Maple Syrup Season Ready to Go

maple_syrup

Hank Peterson has been “sugarin’” in Londonderry for 30 years and owns and operates Peterson Sugarhouse at 28 Peabody Row. Saying that the right mix – cold nights and warm days – are needed to get the sap running, he is getting ready for this spring’s sugaring season. “On a warm day, these buckets will be full of sap,” he said, pointing to tapped trees sporting lidded metal buckets behind his barn. “If we had a 40 degree day and a nighttime temperature of 20 to 25 degrees, this bucket will be full.”

The majority of the tapping comes via long blue, food-grade tubes interconnecting the trees and running by gravity to a holding tank. “It makes it easier to empty a few holding tanks than to go to every tree to collect the sap,” Peterson said.

According to Peterson, it takes 40 gallons of sap – which tastes like water with a hint of sugar – to boil down to a single gallon of the thick, amber-colored confection drizzled on pancakes, French toast, oatmeal or even snow. A New England early springtime favorite is to take warmed maple syrup and drizzle it over crushed ice, or snow as the old-timers would do; the syrup hardens into a brittle or chewy maple candy.

“Once we get the sap, we bring it to the barn, where there are two holding tanks that hold 800 gallons of sap,” Peterson said. “From there it flows into the evaporator,”
The evaporator can hold hundreds of gallons of sap and when the process is in full swing, a large opening in the roof releases billows of steam.

“If we don’t open those slats, the water that condenses would be falling like rain in here,” Peterson said of the sugarhouse. Peterson has taps all over town, some of them at Mack’s Moose Hill Orchards.
“We have a crew that comes in and helps with the taps and bringing the sap to the sugarhouse,” he explained.

“I go through a lot of wood, but even that we try and recycle. We get wood from builders and contractors that have to cut trees to be able to build what they’re building, and they bring it (the cut trees) to me instead of burying it in a landfill.” This season, Peterson said, the sugar content of the sap has been about 1.5 percent; 2.5 percent is better.

“As we get closer to the middle of spring, the sap will start getting sweeter and then at the end of the season, the sap’ll turn bitter in 24 hours and the season’s over, just like that. At this percentage, it takes more sap and more wood to burn to create the syrup,” Peterson said.
Peterson walked over to a metal bucket on a tree and removed the tented metal lid. Inside was a block of ice, and he reached in and discarded it.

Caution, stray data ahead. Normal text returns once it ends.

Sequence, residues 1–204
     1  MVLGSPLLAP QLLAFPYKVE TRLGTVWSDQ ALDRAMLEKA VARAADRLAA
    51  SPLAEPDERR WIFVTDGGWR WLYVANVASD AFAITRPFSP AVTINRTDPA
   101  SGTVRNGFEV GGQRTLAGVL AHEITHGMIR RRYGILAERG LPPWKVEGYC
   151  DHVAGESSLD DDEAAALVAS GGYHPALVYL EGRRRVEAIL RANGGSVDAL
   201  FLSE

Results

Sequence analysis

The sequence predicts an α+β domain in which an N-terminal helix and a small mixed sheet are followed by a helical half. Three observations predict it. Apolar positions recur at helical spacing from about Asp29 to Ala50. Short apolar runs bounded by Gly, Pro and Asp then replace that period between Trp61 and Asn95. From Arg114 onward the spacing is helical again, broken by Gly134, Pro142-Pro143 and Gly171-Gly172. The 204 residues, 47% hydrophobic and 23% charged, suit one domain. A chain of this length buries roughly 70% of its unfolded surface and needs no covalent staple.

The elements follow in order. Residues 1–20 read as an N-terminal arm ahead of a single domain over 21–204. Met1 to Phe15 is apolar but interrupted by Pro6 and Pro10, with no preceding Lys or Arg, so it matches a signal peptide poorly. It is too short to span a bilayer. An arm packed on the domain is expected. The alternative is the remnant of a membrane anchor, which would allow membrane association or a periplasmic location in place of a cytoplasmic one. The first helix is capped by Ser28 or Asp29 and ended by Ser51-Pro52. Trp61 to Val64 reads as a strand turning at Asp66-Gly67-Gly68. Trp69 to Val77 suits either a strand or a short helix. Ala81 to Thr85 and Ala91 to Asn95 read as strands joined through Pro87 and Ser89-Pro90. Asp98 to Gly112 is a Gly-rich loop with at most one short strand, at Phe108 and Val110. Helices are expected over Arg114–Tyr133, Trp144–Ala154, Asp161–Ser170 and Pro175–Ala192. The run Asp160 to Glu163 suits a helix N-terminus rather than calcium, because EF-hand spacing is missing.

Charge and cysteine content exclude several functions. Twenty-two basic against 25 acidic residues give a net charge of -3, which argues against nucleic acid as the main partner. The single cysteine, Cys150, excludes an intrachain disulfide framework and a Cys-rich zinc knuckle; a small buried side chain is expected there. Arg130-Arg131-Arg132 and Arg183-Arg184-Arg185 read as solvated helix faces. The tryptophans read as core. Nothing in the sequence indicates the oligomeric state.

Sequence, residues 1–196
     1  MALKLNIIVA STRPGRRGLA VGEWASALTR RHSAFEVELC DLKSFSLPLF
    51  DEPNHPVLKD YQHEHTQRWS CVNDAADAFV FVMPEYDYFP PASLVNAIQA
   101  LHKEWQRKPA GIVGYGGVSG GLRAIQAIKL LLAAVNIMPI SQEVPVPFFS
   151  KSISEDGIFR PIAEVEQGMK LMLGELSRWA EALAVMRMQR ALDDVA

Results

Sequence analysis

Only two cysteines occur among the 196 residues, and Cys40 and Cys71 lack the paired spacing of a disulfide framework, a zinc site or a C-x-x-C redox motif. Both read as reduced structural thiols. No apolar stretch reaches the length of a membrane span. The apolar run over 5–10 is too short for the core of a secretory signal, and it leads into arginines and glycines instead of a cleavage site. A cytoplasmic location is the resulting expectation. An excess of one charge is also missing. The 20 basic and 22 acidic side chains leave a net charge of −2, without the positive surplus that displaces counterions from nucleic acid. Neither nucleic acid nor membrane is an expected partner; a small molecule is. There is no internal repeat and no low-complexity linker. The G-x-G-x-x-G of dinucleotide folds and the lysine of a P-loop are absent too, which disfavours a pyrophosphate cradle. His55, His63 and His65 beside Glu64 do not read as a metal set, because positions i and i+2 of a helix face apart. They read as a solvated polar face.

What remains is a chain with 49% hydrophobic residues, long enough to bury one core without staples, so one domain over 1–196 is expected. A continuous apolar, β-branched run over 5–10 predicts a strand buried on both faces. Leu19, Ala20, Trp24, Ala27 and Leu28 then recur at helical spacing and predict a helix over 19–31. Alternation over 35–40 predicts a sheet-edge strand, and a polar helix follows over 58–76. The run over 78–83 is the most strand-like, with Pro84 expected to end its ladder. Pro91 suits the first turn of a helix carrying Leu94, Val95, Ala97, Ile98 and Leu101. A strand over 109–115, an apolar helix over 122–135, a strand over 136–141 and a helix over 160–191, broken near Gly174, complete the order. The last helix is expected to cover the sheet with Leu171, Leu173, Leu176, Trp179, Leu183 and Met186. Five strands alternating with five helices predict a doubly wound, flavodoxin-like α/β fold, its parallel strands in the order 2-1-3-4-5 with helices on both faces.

“The only thing that freezes is water so everything else is sap,” he said. “You never want to tap near where you’ve tapped before. You need at least four inches in every direction and you want to tap under a major branch, because that’s where the tree is sending the sap.” For more information, contact Peterson at 432-8427. Visitors are welcome to the sugarhouse.

“It makes it easier to empty a few holding tanks than to go to every tree to collect the sap,” Peterson said. According to Peterson, it takes 40 gallons of sap – which tastes like water with a hint of sugar to boil down to a single gallon of the thick, amber colored confection driz- zled on pancakes, French toast, oatmeal or even snow. A New England early springtime favorite is to take warmed maple syrup and drizzle it over crushed ice, or snow as the old-timers would do; the syrup hardens into a brittle or chewy maple candy.

“Once we get the sap, we bring it to the barn, where there are two holding tanks that hold 800 gallons of sap,” Peterson said. “From there it flows into the evaporator,” The evaporator can hold hundreds of gallons of sap and when the process is in full swing, a large opening in the roof releases billows of steam. “If we don’t open those slats, the water that condenses would be falling like rain in here,” Peterson said of the sugarhouse.

Peterson has taps all over town, some of them at Mack’s Moose Hill Orchards. “We have a crew that comes in and helps with the taps and bringing the sap to the sugarhouse,” he explained. “I go through a lot of wood, but even that we try and recy- cle. We get wood from builders and contractors that have to cut trees to be able to build what they’re building, and they bring it (the cut trees) to me instead of burying it in a landfill.”

This season, Peterson said, the sugar content of the sap has been about 1.5 percent; 2.5 percent is better. “As we get closer to the middle of spring, the sap will start getting sweeter and then at the end of the season, the sap’ll turn bitter in 24 hours and the season’s over, just like that. At this percentage, it takes more sap and more wood to burn to create the syrup,” Peterson said.

Peterson walked over to a metal bucket on a tree and removed the tented metal lid. Inside was a block of ice, and he reached in and discarded it. “The only thing that freezes is water so every- thing else is sap,” he said. “You never want to tap near where you’ve tapped before. You need at least four inches in every direc- tion and you want to tap under a major branch, because that’s where the tree is sending the sap.” For more information, contact Peterson at 432- 8427. Visitors are wel- come to the sugarhouse.

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